A 1974 Buffalo State College graduate and world-renowned educator is continuing to advocate for better ways of empowering young readers and writers.
At a roundtable discussion in Buffalo State College’s English Education Department, educator Nancie Atwell talked about the state of English Language Arts education with some of its soon-to-be teachers, current rookies, and long-time veterans.
A lot of great ideas and experiences come out of this group, but there is also a lot of concern. As Atwell explained, it’s not uncommon to find discrepancies between what research says about how people develop as readers and writers, and the standards and commercial programs being used to dictate classroom methods of teaching.
“There are also real pressures on teachers right now for their teaching to conform to somebody’s idea of what’s going to be on the test,” said Atwell. “And so, teachers are fearful of losing their jobs, and I think that’s a genuine fear.”
For those brave enough to mix test-based standards with alternate styles of teaching, and those who are well supported by their administration in doing so, Atwell advocates a “workshop” method of instruction. In the workshop method, students choose the books they read, and develop their own ideas as writers. But it’s a concept that can be challenging to accept for those with more traditional attitudes.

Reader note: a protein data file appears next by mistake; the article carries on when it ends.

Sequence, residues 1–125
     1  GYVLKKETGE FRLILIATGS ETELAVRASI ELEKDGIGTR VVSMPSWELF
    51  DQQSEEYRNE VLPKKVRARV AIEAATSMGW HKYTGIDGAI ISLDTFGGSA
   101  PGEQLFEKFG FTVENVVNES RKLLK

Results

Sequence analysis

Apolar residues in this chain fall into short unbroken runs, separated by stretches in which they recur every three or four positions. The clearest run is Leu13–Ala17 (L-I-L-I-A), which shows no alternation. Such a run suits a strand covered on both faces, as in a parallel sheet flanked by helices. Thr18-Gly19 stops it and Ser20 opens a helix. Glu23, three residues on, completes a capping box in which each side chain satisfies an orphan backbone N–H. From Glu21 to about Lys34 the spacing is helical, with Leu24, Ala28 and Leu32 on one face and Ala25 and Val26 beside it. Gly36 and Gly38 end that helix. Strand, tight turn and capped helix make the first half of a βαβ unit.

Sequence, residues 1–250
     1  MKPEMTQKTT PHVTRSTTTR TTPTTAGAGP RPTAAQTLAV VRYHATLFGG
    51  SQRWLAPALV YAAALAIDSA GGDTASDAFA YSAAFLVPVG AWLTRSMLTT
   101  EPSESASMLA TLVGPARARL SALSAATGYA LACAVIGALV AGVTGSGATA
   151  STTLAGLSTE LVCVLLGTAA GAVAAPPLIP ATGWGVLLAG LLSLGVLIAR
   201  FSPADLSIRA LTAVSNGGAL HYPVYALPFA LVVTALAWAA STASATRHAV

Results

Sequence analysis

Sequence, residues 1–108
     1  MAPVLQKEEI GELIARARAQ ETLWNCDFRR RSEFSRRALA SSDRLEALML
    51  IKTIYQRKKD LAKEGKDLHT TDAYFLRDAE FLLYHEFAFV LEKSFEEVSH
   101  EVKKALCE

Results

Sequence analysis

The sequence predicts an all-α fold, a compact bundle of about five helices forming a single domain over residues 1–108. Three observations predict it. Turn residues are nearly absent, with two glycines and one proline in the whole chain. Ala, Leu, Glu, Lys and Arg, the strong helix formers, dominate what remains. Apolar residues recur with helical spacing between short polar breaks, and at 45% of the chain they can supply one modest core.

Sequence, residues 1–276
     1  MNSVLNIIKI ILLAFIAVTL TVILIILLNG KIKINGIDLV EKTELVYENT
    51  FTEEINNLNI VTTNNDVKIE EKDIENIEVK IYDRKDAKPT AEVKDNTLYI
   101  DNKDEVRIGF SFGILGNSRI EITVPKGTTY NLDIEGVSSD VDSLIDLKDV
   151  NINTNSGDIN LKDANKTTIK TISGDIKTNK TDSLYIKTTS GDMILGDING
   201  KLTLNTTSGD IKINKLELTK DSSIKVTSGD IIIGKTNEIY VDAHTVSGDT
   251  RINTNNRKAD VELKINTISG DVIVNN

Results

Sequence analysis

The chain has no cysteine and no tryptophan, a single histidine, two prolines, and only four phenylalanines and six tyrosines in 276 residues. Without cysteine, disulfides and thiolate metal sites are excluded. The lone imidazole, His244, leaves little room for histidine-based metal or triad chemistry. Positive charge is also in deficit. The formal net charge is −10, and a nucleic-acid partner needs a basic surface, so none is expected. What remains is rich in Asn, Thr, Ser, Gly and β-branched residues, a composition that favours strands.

“I think that can be threatening to people because it’s not clear that students have ideas, having been assigned topics – for example, for writing – for most of their lives as students,” Atwell said. “But also that students can be trusted to choose good books; that they will recognize, in fact, good writing and will gravitate toward it; that they won’t just read junk or just not read at all.”
In her experience, Atwell has found that when there’s a rich classroom library and an enthusiastic invitation to try particular books, kids will “read up a storm.” But at the same time, she also stresses that using the workshop approach is not a “laissez-faire” endeavor. Book by book, the classroom library is carefully curated by the teacher.
“The teacher’s very active in this situation both as somebody who reads literature, but also knows how to talk to kids about it, and also knows how to move them along to the next big idea or the next great book,” said Atwell.
And while students are advancing through the volumes on those shelves, they’re also writing in response to specific genre studies.
“So for example, we’re studying personal narratives, but the kids are writing memoirs about experiences from their own lives – not based on a prompt I gave them. Or students are writing essays and they’re writing about observations and research that they’ve made of things that concern them in the real world,” Atwell explained.
The work isn’t supposed to be easy, but it is authentic – giving students an experience that is less about the exercise of writing, and more about the practical application they’ll experience as adults.
“It really has to do with the power of stories and the power of self-expression,” said Atwell.